Agave Nectar During Pregnancy

Agave Nectar During Pregnancy

agaveDo you have any advice regarding the use of agave nectar during pregnancy? Is it considered safe or it is contraindicated? If contraindicated, do you have any suggestions for an alternate sweetener?


 One of my fellow dietitians asked a similar question to the vegetarian group within the American Dietetics Association. Usually, a question gets about 2-3 responses. This brought on a brouhaha that lasted for days. There were reports stating agave nectar is processed with formaldehyde, especially if it was not organic. Culinary aspects came into play. There were articles about how high fructose corn syrup was not as bad as thought depending on what aspect of it you were measuring. Here’s my take on the agave nectar issue.

I haven’t found any evidence positive or negative connecting pregnancy and agave nectar. I have found evidence of highly refined sugars and products containing a high amount of refined sugars in them being contraindicated, more specifically with long term weight management in children. In addition, studies showed the diet prior to pregnancy positively or negatively affected pregnancy.

Agave processors claim how great it is because it does not slam the bloodstream as much as table sugar. This is due to the fructose/glucose ratio. Anything ending in ose is a sugar. Fructose is the sweetest sugar. When I think of fructose I think of honey. It has a high fructose/glucose ratio. Table sugar has more glucose than fructose. Glucose when eaten, especially glucose eaten with no fiber as in donuts or candy, goes directly to the blood stream and spikes your insulin level. Fructose, instead, goes to the liver. It is turned into glucose there, but doesn’t cause the insulin to spike and drop in the bloodstream. So, it seems like a better idea. But what about that high FRUCTOSE corn syrup thing.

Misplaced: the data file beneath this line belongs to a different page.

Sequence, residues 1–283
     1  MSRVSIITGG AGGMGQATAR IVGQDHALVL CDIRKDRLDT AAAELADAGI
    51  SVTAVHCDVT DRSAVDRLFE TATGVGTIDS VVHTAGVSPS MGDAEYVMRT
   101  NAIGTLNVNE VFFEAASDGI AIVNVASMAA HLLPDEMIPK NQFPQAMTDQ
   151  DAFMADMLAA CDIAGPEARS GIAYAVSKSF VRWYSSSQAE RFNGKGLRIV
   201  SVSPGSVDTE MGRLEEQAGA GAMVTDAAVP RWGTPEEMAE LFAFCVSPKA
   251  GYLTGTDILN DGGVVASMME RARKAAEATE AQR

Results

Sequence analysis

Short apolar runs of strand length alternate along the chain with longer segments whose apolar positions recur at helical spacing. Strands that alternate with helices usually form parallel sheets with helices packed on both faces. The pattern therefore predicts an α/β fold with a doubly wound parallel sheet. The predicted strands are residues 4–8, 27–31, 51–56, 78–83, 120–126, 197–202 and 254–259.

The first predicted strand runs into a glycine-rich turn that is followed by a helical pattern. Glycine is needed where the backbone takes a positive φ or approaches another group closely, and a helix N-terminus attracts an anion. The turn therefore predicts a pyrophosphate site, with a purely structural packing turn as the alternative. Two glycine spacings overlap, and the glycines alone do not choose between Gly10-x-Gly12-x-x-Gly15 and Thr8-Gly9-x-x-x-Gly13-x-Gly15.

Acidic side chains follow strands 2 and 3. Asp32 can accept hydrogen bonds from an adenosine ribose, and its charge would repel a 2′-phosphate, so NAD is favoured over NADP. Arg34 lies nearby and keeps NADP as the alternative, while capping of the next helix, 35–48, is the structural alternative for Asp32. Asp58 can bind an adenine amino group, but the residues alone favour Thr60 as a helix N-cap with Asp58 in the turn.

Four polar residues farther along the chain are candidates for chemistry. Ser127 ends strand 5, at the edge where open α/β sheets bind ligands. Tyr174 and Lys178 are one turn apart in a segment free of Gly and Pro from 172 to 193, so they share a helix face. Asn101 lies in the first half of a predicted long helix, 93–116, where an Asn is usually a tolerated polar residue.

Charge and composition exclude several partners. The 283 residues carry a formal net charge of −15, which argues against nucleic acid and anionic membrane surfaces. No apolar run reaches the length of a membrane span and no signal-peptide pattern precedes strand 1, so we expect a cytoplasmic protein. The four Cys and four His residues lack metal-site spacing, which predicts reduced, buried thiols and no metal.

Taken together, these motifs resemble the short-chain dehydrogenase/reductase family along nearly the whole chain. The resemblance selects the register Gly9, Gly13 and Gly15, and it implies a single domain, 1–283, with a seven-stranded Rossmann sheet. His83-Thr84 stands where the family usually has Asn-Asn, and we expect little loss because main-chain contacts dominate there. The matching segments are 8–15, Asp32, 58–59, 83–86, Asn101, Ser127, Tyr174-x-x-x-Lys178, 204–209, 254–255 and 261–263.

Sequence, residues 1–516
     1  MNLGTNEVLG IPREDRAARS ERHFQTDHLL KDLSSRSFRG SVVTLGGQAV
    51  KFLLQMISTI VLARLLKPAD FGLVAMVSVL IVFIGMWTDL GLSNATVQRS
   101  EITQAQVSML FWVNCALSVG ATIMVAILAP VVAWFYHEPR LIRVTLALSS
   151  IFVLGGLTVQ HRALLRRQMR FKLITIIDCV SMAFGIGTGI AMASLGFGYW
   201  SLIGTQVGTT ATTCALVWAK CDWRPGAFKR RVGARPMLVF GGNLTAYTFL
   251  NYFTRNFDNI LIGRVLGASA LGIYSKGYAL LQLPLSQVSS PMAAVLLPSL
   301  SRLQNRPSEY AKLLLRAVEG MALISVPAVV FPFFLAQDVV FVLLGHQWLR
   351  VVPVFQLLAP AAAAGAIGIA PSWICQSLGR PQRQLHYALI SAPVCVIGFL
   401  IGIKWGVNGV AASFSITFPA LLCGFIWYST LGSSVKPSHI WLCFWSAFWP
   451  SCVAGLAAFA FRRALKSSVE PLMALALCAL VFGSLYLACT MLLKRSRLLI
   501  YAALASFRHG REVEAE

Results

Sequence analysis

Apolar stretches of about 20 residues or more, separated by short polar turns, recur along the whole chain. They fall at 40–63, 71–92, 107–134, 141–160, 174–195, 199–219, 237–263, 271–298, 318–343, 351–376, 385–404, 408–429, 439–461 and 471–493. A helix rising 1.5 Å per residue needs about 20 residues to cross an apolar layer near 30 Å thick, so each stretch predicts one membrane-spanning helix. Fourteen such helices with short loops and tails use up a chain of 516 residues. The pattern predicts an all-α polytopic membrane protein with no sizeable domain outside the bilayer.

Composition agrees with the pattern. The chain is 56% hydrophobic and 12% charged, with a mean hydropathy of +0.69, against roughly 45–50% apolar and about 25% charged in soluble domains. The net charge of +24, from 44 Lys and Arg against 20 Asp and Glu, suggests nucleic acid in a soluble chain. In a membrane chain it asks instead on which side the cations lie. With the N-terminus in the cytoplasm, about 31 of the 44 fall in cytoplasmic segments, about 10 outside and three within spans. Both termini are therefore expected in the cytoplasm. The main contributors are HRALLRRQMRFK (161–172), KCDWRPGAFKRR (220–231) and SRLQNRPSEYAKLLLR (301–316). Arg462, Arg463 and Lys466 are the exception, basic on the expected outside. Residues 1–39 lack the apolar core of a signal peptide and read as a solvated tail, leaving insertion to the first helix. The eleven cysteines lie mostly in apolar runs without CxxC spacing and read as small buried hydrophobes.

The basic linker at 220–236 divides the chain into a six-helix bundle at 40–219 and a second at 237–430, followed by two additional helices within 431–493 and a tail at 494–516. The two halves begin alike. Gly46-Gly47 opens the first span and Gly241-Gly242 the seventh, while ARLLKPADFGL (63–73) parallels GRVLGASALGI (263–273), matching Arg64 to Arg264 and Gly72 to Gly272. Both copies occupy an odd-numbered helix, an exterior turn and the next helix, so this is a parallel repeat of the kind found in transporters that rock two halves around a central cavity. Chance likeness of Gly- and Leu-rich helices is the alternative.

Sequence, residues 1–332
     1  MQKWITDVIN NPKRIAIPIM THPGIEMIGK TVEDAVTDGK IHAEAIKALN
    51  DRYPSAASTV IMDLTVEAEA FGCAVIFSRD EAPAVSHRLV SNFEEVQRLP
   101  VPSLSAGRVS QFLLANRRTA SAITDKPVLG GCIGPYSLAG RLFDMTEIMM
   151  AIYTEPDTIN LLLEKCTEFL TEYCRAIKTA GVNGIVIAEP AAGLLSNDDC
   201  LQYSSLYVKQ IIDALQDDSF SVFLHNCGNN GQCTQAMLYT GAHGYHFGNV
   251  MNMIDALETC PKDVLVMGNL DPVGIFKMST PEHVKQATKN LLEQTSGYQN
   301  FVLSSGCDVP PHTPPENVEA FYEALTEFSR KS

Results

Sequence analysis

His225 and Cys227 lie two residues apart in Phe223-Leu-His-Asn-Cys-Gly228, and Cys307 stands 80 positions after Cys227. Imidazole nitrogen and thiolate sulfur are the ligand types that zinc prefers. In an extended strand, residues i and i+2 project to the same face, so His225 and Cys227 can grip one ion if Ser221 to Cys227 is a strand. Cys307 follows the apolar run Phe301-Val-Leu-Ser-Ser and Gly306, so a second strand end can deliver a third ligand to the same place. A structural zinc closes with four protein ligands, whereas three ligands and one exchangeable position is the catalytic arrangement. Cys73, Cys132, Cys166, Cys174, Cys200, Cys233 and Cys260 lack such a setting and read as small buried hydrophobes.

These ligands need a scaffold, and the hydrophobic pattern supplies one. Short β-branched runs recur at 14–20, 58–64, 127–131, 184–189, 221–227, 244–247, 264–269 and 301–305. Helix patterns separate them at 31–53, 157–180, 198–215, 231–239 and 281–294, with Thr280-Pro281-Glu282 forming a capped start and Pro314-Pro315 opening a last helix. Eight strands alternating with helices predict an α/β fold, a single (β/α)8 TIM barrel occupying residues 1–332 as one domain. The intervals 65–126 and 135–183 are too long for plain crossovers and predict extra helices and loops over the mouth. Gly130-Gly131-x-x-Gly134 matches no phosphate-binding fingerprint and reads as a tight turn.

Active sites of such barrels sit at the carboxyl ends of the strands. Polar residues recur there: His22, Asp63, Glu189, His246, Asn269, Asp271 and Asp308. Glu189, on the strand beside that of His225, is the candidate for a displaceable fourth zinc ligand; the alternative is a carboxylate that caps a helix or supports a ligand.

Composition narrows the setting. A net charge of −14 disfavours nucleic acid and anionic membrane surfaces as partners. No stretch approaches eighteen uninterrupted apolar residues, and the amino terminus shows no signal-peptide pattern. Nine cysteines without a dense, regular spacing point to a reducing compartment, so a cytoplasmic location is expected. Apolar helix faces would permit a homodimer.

We are all told to fear high fructose corn syrup [HFCS] because of the high fructose level. The Corn Refiners Association has a website which will tell you all about HFCS and how it has been demonized by the press. They explain how table sugar and HFCS have relatively the same fructose/glucose ratio.

Agave nectar has a higher fructose/glucose ratio than HFCS. The Corn Refiners put HFCS around 50-55% fructose to glucose. Agave nectar is around 70-90 fructose to glucose, according to my colleague, Jeff Novick, RD, MS, LDN, FADA. So if eliminating high fructose in foods in your diet is a goal, then agave is out and HFCS is in. So is table sugar.

The bottom line is the amount you eat. The Corn Refiners state that as HFCS consumption has gone up, glucose consumption has come down. Therefore, there has been no increase in sugar intake due to HFCS being in the market place. People have just switched one for the other. Here are two facts for you from their website. 1) “Annual per capita consumption of high fructose corn syrup for 2009 was 35.7 pounds,” 2) “The 2009 sugar consumption estimate was nearly 10 pounds greater at 45.3 pounds per person.” That means the average American was eating around 81 pounds of these sweeteners in 2009. That’s a little over 16 – 5 pound bags of sugar for each one of us. I could build a snow fort with what my family supposedly eats per annum.

When I was pregnant I avoided most sweets. On the other hand, my one craving incident that drove me out of the house and to the corner store was a need for something sweet. I was dreaming of chocolate, but stopped myself and thought, ok girlfriend, what are you really wanting? I knew it was sugar. I bought a quarter of a watermelon and ate it in about 5 minutes. Craving sated.

My advice is stick to the sugars in the original packaging like peels and skins. Leave the paper, plastic and people-packaged items on the shelf.

Disclaimer: The advice given here is for eductional purposes only. You should not use this information to diagnose or treat a health problem or disease without consulting with a qualified health care provider.

Marty Davey

Author: Marty Davey

Marty Davey is a Registered Dietitian and has a Masters degree in Food and Nutrition from Marywood University. She became a vegetarian in 1980 when she discovered that the French didn't want our meat products due to factory farming methods and began studying nutrition while cleansing her diet to a totally plant-based lifestyle. She has a private practice specializing in assisting clients transitioning from the conventional Western foods to a plant-based regime.

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